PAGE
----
Still, the Bruins played hard. They made it difficult for Chicago, the first President’s Trophy winning club to win the Cup since 2008. Difficult is not impossible, however, for a team that combines desire and talent in the seamless fashion that the Blackhawks do.

“This one was harder than in 2010,” said Bolland, whose game-winning goal bounced just out of the reach of defenseman Johnny Boychuk and hit the post before the scored it. “They battled us really, really tough. We just got the bounces we needed in the end.”

Boston’s had a tough go in sports championships of late, with the Patriots losing their last two Super Bowls and the Celtics dropping an NBA Finals to Los Angeles a few years ago. Getting so close and finishing second invites misery and frustration because you never know when you’ll get another crack it at, and you hate to leave championship rings on the table.

Nevertheless, you have to appreciate what it means to get there — to knock at that door of immortality. Six months ago, it appeared the NHL season would be lost to another lockout; The Winter Classic was canceled and prospects of the Stanley Cup being awarded seemed grim.

To have it awarded in Boston, in 90 degree heat in June, is still a triumph for the game.

“I don’t think there’s too many guys that will have regrets over the summer,” Bruins defenseman Andrew Ference said of how hard Boston played. “We went at Chicago with everything we had. They earned it, for sure.”

Boston was in good shape early last night, attacking the Chicago net ferociously early on and taking the lead when Chris Kelly scored at 7:19 of the first. The Bruins failed to take a multi-goal advantage, and ended up 0-for-4 on the power play, and ultimately it cost them.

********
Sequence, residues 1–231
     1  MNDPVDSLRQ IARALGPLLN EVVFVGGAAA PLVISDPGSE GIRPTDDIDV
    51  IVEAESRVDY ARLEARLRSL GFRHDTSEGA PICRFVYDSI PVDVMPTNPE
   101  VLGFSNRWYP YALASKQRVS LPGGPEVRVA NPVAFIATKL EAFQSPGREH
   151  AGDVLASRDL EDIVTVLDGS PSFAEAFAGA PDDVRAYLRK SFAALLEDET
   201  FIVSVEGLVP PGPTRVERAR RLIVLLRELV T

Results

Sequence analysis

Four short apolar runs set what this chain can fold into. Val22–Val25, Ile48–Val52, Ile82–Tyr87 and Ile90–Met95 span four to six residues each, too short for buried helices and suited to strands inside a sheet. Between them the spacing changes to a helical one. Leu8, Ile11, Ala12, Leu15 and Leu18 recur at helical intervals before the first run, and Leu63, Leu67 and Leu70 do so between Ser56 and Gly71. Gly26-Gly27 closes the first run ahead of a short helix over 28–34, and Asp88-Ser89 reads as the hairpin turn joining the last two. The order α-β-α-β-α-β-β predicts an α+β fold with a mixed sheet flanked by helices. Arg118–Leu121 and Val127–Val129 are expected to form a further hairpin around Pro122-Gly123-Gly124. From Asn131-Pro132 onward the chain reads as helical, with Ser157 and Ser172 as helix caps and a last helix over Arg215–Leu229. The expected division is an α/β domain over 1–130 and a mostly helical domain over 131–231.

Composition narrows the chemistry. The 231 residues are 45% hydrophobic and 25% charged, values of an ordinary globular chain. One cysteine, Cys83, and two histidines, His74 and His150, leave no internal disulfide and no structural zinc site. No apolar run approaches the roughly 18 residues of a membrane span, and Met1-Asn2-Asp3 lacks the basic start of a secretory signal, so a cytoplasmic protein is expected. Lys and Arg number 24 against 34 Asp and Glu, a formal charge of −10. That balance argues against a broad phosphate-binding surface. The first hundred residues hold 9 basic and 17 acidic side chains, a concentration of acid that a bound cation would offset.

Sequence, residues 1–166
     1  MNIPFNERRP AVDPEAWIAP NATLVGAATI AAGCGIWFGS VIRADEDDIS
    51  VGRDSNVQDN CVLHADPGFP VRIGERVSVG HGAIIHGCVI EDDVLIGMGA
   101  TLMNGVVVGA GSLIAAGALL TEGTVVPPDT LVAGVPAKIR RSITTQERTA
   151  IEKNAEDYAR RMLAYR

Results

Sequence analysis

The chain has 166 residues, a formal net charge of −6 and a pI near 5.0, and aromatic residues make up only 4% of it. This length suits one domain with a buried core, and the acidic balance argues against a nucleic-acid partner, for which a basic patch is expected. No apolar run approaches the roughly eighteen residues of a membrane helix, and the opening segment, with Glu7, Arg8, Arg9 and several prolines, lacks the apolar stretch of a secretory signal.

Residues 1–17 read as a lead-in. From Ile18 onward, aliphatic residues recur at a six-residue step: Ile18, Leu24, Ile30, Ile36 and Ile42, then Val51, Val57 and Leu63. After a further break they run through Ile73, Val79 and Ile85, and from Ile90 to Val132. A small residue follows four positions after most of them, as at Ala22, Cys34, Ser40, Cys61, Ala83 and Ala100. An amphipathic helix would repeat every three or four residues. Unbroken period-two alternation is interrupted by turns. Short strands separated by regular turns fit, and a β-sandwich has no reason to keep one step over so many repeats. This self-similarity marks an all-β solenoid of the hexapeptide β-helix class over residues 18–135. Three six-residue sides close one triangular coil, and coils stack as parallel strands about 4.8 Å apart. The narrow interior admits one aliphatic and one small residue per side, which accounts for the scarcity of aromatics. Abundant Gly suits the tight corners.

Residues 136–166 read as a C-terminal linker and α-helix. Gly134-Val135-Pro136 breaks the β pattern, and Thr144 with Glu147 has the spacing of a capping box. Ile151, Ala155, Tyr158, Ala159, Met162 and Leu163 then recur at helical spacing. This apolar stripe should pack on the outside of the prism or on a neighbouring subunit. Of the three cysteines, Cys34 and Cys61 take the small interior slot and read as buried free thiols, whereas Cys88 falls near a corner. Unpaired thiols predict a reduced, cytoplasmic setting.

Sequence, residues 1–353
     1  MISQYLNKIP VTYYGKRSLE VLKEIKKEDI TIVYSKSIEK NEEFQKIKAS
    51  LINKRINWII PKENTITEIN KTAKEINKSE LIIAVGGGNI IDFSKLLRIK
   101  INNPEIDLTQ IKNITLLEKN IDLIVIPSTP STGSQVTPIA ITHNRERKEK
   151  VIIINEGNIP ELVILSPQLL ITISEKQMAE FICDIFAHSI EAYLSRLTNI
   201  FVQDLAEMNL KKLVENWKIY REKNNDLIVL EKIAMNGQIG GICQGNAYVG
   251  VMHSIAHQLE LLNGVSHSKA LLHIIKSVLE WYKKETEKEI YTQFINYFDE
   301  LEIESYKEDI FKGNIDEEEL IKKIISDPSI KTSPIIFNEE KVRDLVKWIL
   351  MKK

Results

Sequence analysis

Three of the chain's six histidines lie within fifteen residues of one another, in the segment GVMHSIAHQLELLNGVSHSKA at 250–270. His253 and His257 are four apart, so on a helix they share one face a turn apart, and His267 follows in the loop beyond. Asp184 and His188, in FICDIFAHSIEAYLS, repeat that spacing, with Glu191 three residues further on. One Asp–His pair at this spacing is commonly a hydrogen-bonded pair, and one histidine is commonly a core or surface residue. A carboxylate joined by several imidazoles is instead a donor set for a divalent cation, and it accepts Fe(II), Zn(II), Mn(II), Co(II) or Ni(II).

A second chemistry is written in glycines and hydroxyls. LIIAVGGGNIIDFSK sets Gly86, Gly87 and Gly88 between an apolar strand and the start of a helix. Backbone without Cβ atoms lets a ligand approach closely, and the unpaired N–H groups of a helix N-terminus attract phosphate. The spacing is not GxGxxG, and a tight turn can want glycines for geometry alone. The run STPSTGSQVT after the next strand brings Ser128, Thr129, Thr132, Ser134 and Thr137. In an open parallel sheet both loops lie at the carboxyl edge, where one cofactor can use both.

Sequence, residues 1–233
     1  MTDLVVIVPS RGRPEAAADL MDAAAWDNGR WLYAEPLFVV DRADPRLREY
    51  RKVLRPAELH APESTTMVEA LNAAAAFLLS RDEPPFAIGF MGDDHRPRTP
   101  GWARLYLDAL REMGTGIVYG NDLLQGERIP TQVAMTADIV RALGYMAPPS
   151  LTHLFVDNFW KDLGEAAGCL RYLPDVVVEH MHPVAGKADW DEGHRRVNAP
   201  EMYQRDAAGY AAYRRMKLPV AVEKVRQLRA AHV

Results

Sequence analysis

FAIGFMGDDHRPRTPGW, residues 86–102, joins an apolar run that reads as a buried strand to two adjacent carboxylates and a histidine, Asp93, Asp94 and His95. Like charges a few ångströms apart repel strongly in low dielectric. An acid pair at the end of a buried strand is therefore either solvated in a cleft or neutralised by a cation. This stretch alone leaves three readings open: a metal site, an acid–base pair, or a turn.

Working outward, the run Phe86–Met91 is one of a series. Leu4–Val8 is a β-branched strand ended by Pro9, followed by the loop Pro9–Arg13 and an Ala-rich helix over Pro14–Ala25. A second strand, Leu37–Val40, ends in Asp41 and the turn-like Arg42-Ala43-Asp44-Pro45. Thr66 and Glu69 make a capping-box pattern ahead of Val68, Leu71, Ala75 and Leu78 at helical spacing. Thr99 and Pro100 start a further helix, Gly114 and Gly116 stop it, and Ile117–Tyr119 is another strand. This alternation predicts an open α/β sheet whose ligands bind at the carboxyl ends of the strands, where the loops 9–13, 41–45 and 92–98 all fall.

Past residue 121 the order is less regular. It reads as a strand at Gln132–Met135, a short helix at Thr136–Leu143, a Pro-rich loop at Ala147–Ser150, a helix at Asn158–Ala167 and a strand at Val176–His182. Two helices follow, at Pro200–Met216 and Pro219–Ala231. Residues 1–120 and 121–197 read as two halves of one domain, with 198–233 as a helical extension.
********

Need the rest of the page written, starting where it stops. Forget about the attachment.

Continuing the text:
The Bruins lost three games in a row in these Finals, going from being ahead 2-1 in the series to falling in six games. It was only the second time they’d lost three straight in this shortened season.

“They’re an incredible team that made us battle for every inch of ice,” said Blackhawks center Michal Handzus. “That’s why it was so important that we won Game 4 here.”

There were positives in this run: Rask emerged as a bona fide number one goaltender, Lucic scored a career high seven playoff goals (four of them in the Finals) and Krejci played like a real top-line center while leading the league in playoff scoring. Young defensemen like Torey Krug and Matt Bartkowski played great in spurts.

In the aftermath of the Boston Marathon attack, the Bruins and their fans singing the national anthem were among the first rallying points for the city. The team honored figures from the marathon as its fan banner captains before each home playoff game in moving, inspiring moments.

“At the end of the day that’s what hurts the most,” said Julien. “In the back of our minds, we were playing for those kinds of reasons. The city of Boston, all its been through and that stuff hit close to home. The hardest part right now for the players is that we had more reasons than ourselves to get that Cup.”

After some time, the way the Bruins picked up Boston the last 10 weeks or so will be lasting image of the 2013 season. Until then, though, it will be impossible not to wonder about those last 17 seconds.


Matt Williams is the assistant sports editor of The Salem News. You can contact him at, 978-338-2669 and follow him on Twitter @MattWilliams_SN. #StrikeOutALS